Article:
Where Are We Now?

one year old

After a hectic start to Jolee’s life…where are we now?

Well, I did not keep up month to month posts with Jolee. So, we are pretty much going to jump from 4 months old to now…1 year old.

one year old

She’s perfect. And feisty. And funny. And I love her so much.

As I was editing the posts about her bottle feeding journey and kind of reflecting back on it all, it was just such a crazy blur. I could not believe it took three months to get her oral issues fixed. Three months is not that long, but in the moment, it felt so long. It felt so crazy. Had we not got the issues fixed at this age, they would have manifested into something else later, but the ultimate goal, at that particular time, was to get her to take a bottle so I could return to work.

Three months of therapy for seven months of bottle feeding because in March of 2020, daycares were shut down due to COVID-19.

In that moment, I was expecting around a 2 week shutdown and then everything was going to go back to normal. Clearly, that couldn’t have been further from the truth.

I had a completely different breastfeeding experience with Jolee than I did with any of the other kids. When she was sent home, that was the last time she took a bottle. She was with me at home, so I fed her directly from me. The good thing, I stopped pumping when she was sent home because there was not a need for me to do that anymore, so I’m thankful for that.

I breastfed Jolee until she was 13 months old. We are now completely weaned and I couldn’t be happier.

I absolutely sacrificed my mental health to breastfeed. And I realize you aren’t supposed to do that. But I did. With all three of my kids. They all had different and complex issues.

I understand that I didn’t get a gold star for breastfeeding my kids for that long. My picture isn’t going to go on a wall of mom’s that breastfed their kid until they were one.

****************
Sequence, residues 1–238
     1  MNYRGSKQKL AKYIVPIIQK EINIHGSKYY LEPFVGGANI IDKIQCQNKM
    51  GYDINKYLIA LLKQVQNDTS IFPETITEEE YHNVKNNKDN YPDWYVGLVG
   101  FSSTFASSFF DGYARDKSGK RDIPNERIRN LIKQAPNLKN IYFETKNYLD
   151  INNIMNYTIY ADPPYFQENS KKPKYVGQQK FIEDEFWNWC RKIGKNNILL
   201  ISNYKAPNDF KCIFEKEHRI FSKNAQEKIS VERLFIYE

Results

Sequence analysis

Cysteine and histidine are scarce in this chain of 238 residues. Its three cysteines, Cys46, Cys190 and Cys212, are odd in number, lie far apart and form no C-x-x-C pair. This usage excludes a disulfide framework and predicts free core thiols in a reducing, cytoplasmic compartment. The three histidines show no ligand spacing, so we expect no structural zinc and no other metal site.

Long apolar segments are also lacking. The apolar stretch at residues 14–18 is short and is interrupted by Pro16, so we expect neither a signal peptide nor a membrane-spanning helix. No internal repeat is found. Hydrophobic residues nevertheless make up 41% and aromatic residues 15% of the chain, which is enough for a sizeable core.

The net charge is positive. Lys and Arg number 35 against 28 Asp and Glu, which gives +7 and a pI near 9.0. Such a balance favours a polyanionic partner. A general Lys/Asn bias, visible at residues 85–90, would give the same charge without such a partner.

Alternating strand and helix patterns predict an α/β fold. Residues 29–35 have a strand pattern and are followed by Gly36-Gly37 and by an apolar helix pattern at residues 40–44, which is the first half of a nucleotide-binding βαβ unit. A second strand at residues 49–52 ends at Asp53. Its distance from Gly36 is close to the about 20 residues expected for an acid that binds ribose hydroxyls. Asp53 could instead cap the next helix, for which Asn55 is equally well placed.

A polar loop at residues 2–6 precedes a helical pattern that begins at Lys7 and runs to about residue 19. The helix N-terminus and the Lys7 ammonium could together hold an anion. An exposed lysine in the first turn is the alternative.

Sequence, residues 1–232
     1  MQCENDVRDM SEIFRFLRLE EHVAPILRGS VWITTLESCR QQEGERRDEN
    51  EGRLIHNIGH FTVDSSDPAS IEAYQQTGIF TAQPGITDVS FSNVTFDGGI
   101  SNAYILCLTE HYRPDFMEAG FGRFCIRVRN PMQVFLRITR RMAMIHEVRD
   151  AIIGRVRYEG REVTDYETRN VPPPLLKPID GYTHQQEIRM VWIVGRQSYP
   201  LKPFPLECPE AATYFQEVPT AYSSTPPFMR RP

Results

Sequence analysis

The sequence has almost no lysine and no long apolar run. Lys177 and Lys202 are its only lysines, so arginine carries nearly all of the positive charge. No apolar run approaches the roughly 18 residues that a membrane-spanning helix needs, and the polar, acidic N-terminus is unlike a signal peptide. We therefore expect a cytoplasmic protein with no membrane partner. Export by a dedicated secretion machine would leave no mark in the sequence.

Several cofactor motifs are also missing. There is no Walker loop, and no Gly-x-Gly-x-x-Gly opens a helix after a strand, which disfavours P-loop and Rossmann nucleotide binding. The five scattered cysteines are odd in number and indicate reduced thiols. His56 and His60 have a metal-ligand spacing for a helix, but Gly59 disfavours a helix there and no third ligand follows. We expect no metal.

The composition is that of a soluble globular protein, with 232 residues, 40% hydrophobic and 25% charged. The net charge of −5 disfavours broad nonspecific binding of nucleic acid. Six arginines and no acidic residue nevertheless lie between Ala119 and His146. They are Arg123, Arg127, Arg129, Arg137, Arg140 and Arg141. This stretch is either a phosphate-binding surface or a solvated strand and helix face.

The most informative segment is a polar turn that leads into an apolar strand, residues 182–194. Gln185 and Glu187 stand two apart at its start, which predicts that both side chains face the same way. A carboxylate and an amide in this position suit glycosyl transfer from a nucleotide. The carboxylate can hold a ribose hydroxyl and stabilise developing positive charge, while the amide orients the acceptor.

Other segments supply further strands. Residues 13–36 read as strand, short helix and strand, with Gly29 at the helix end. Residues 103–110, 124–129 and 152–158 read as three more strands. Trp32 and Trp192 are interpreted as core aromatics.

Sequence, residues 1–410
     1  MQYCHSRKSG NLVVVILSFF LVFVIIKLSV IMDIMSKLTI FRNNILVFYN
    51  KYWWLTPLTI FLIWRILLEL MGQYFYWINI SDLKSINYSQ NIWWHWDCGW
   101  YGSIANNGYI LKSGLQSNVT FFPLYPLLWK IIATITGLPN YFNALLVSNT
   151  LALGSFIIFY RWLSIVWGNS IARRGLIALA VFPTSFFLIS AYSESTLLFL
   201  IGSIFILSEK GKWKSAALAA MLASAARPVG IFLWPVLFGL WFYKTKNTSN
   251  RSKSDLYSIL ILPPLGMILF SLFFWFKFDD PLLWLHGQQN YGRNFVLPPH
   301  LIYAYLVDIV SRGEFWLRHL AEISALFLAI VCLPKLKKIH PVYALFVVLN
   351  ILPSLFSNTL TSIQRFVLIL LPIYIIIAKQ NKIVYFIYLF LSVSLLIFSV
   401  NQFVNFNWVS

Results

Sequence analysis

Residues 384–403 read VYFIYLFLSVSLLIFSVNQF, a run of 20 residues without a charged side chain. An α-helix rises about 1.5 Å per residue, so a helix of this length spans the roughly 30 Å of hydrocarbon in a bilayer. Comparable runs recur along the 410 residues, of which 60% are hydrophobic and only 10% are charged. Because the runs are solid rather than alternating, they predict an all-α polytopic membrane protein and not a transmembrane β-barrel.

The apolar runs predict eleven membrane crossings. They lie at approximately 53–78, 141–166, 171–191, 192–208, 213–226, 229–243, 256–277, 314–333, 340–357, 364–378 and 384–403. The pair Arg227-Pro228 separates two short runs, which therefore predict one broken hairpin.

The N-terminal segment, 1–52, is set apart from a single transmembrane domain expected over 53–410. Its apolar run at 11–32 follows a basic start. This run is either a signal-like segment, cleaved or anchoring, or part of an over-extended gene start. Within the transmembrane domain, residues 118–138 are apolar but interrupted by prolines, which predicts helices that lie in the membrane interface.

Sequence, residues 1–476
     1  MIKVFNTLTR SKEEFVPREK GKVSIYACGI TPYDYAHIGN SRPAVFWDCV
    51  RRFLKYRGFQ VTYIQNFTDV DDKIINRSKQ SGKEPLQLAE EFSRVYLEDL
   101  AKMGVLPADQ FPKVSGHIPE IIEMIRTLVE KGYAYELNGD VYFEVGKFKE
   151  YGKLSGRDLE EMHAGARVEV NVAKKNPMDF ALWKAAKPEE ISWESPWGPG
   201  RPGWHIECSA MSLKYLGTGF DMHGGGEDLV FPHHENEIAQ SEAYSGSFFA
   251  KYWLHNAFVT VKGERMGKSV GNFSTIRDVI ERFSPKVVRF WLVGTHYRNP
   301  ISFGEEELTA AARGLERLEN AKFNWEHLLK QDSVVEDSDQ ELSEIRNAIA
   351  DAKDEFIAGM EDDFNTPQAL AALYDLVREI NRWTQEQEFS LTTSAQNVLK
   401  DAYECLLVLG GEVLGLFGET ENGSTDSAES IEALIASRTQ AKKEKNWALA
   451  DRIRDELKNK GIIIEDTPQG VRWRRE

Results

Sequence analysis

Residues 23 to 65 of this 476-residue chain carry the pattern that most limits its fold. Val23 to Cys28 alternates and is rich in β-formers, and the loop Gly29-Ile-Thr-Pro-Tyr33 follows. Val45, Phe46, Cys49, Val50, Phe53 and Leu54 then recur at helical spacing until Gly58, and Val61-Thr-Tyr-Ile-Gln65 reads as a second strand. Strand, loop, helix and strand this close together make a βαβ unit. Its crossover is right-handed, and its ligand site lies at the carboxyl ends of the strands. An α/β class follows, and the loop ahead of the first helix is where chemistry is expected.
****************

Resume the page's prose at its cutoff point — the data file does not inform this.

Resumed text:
It’s very much something internal for me. I felt like I had so many issues of my own. I never really feel like a good mom. In my mind, the one positive thing that I could do for my kids was to give them breastmilk until they were one.

And I sacrificed everything to do that. I sacrificed my body, my marriage, everything. Literally everything.

How did I sacrifice my marriage?

Scott would want to go do something and everything just seemed too hard. I’d have to drag a pump with me if Jolee wasn’t with me. What would I do with my milk? How would I keep it cold? Then I didn’t want Jolee with me because I just needed a break. It was either the pump or Jolee. It all seemed too hard, so I always said no. Thus, driving the stake further in between Scott and I.

In the past 7 years, since I was first pregnant in 2013, I’ve been pregnant 6 times for a total of 35 months…3 years…and I’ve breastfed all my kids for 1 year…another 3 years.

In the past 7 years, my body has belonged to me for 1 year in very broken up periods of time.

The point? Scott and I were totally ready to rediscover us.

Fun fact, we were both under the age of 21 in this picture. And we were at the beach alone with no alcoholic beverages. I’m honestly surprised our first kid wasn’t conceived on this trip.

young couple

After I was done breastfeeding Jolee, that was it. No more kids. No more breastfeeding or pumping. Done. Over. Scott had a vasectomy in November 2019, so that was a really solidifying factor for us.

2020 has not been kind to Scott and I. We have openly talked about divorce more this year than we ever have. We just haven’t really been on the same page on a lot of things.

We were just ready to figure out if we still loved each other like we thought we did.

We talked about planning a trip to get away with just us. And then COVID happened. It really put a damper on our plans.

I think we may schedule something eventually, but it’s not as soon as we hoped it would be.

I’m just ready to feel like a human again. I’m ready to feel like a woman. A wife again. Something other than a personal incubator and a milk machine.

And I don’t harbor any guilt for saying that. I’m still a mom. But I don’t want my identity so wrapped up in always being a mom. I am someone outside of a mom.